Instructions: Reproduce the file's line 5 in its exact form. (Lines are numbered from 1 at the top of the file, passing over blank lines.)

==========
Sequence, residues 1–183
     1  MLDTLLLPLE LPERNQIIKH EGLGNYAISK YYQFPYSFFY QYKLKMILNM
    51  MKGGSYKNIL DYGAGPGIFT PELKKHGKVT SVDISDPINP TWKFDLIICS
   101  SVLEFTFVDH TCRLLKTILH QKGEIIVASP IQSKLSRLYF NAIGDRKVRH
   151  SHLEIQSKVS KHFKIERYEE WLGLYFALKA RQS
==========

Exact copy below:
   151  SHLEIQSKVS KHFKIERYEE WLGLYFALKA RQS